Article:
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When the winds are "calm" or variable, and as such there is no wind direction on which to base the decision on what the active runway should be, how is that determination made?

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  • $\begingroup$ Good question. I always imagined it was geography (which runway lines up best for incoming and outgoing flights, surrounding terrain, and possibly shortest distance to terminal), but I never actually knew. $\endgroup$ – BillDOe Oct 13 '17 at 20:28
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Almost every airport that handles frequent traffic will have a Preferential Runway Use Policy. That policy will cover things such as which runways to use for departures and arrivals when parallel runways exist, and the preferred direction even in calm winds.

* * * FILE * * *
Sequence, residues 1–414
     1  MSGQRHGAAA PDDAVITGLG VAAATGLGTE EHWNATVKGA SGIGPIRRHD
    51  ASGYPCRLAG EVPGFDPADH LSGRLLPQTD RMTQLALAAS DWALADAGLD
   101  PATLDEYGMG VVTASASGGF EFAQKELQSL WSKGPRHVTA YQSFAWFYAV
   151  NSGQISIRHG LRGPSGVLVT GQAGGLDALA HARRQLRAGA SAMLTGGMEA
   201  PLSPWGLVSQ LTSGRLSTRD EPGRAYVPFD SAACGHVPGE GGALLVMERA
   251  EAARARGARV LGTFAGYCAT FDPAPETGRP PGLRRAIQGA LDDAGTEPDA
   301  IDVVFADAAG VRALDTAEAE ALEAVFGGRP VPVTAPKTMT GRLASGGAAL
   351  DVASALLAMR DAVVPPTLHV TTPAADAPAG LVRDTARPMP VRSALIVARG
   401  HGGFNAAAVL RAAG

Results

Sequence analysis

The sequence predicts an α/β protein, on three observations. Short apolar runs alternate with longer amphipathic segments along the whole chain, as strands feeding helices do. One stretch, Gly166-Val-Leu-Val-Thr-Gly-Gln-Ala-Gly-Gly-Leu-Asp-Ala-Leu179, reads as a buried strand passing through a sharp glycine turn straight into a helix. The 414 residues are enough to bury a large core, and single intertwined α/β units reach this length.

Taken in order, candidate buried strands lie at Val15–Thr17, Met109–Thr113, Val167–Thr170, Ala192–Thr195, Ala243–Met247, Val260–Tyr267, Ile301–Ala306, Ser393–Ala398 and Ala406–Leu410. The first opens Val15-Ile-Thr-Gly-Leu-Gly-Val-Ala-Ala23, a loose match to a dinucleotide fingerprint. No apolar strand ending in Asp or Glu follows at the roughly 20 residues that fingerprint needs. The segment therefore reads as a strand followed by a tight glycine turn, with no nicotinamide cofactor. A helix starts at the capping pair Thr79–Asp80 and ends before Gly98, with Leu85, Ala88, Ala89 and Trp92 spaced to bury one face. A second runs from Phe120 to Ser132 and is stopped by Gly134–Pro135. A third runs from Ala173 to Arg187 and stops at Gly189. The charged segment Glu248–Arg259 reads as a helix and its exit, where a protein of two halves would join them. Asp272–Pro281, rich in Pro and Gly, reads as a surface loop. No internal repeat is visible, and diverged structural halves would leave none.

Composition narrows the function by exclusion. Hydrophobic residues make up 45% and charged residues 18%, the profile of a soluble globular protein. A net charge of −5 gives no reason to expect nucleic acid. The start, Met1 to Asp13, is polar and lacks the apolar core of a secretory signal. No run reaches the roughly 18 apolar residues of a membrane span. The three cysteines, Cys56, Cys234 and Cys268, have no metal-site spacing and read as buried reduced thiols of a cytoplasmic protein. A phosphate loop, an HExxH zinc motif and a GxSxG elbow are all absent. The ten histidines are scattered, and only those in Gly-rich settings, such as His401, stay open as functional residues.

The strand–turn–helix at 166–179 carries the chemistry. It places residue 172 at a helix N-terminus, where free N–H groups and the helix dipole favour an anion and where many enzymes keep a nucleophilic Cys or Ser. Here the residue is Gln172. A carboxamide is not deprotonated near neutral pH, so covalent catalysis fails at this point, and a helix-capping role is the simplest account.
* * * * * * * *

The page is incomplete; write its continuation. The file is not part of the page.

It's based on the best noise abatement routes/gradients, taxi distances, terrain, etc.

So much so the preferred direction can be used in tail-wind up to a limit (8 knots component in certain places for example). Basically it's the usage that was envisioned when the airport was designed (which does take into account the historic wind data).

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Westerly Operations is the normal traffic pattern used at LAX during the daytime (6:30 am to midnight) throughout the year. Aircraft approach the airport from the east and depart the Airport to the west due to the prevailing westerly wind. This procedure routes louder departing aircraft to the west over the ocean, while arriving aircraft fly from the east to the west over the communities on the eastside of LAX, including the Cities of Los Angeles, and Inglewood, and the communities of Athens and Lennox.

Above (source) being the normal traffic pattern, it will remain so during calm winds.


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